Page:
While Page Speed Insights is a powerful tool you need to understand the scores you’re working with. Be careful making recommendations from Lab Data as you could be trying to solve problems that don’t even exist.
This data won’t match up with your Page Speed Insights scores as they are using a different environment to test with. It’s also important to note that this doesn’t contain FID data as this can only be generated by real-time users.
Combining this data along with the real-world Chrome User Experience data will give you the most comprehensive Core Web Vitals scores to work from. After making any changes you can rerun the crawl and judge every single page across the site.
Find out more about DeepCrawl’s Core Web Vitals capabilities
How can we improve Core Web Vitals as an SEO?
With 2021 fast approaching and the Core Web Vitals becoming part of our workflow we need to work out how we as technical SEOs can look to improve our performance scores.
It’s not good enough to just send the developer a list of metrics and say ‘make these better’. Doing so provides very little context and can cause friction between developers and search marketers.
Instead, we can look to provide more detailed insights outside of these scores to show that we actually understand the recommendations we’re making.
Find the element which is being measured as the LCP
If a site is suffering from poor LCP issues, a great way to get further buy-in is by gathering the list of elements on a per template basis of what’s being judged as LCP.
This can be done through Chrome Web Dev Tools:
- Open up your webpage and load in Chrome Web Developer Tools
- Click on the ‘Performance’ tabs and make sure ‘Screenshots’ is checked’
- Click the ‘Start profiling and reload page’
- Find the LCP on the timing graph
- Click on the node which it’s using; this is the element which is the LCP.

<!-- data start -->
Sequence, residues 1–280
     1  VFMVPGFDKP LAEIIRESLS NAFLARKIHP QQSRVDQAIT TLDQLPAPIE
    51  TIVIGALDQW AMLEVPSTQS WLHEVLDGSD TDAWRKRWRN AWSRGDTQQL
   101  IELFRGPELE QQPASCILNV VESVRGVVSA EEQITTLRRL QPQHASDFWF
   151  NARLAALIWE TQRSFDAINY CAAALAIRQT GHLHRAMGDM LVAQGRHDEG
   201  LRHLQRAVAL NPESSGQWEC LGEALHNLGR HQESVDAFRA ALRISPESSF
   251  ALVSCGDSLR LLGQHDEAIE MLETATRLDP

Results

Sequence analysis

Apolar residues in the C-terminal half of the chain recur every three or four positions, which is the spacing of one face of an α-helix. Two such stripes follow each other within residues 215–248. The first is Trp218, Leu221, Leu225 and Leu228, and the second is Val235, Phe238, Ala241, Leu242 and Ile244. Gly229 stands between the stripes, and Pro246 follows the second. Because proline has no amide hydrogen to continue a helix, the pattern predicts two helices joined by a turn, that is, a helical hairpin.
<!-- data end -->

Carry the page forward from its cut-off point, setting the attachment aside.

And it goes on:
Below is an example of this:
By being able to provide this example to the development team per template you will find them much more receptive as the advice can change from:
Can you please fix the LCP?
We’ve noticed that the product image is being bought in very late on in the page load, could we put this in as early as possible? This will help us achieve a higher LCP.
Benchmark your competitors
Some of the changes that will be recommended off the back of trying to improve your Core Web Vitals might end up taking significant development resources. This can often lead to pushback and can make it difficult to get the necessary work booked in.
A great way to frame this conversation is by benchmarking your site using the Chrome UX Dashboard (https://g.co/chromeuxdash) and doing the same for competitors. As this information is all publicly available it’s much easier to get buy-in by showing your competitors metrics.
This changes the conversation from:
We need to improve our CLS by changing our script load order.
As the date these metrics are being rolled in is getting ever closer we will be hearing more and more about them. Some of the key takeaways from this article are:
- We as SEOs need to become familiar with these metrics, as we’ll soon be having to deal with them more and more
- Create a free Google Data Studio dashboard now! This data is very powerful and is free to review. Share this with key stakeholders to give them a top-level view.
- When recommending changes related to Core Web Vitals, provide as much detail as possible. It’s not good enough just sending over default recommendations from Page Speed Insights.
- Page speed won’t be the silver bullet to higher rankings if your content is poor.
- Use a wide variety of data sources to measure your Core Web Vitals, a combination of lab data (DeepCrawl and/or Page Speed Insights), and Chrome User Experience Report data is the best way to go.